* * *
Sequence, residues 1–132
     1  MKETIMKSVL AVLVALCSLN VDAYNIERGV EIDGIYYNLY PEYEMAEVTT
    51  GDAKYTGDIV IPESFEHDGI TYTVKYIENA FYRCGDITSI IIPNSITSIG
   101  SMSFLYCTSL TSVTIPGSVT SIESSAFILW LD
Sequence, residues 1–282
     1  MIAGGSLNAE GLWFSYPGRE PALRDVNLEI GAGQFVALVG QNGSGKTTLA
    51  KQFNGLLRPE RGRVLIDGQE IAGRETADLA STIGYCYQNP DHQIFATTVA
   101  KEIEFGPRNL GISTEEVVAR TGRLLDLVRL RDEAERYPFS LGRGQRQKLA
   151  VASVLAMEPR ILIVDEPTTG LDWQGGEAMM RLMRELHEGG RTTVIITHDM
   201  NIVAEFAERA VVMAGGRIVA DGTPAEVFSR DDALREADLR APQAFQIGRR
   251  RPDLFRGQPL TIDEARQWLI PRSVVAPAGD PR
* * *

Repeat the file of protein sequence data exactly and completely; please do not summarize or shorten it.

Sequence, residues 1–132
     1  MKETIMKSVL AVLVALCSLN VDAYNIERGV EIDGIYYNLY PEYEMAEVTT
    51  GDAKYTGDIV IPESFEHDGI TYTVKYIENA FYRCGDITSI IIPNSITSIG
   101  SMSFLYCTSL TSVTIPGSVT SIESSAFILW LD
Sequence, residues 1–282
     1  MIAGGSLNAE GLWFSYPGRE PALRDVNLEI GAGQFVALVG QNGSGKTTLA
    51  KQFNGLLRPE RGRVLIDGQE IAGRETADLA STIGYCYQNP DHQIFATTVA
   101  KEIEFGPRNL GISTEEVVAR TGRLLDLVRL RDEAERYPFS LGRGQRQKLA
   151  VASVLAMEPR ILIVDEPTTG LDWQGGEAMM RLMRELHEGG RTTVIITHDM
   201  NIVAEFAERA VVMAGGRIVA DGTPAEVFSR DDALREADLR APQAFQIGRR
   251  RPDLFRGQPL TIDEARQWLI PRSVVAPAGD PR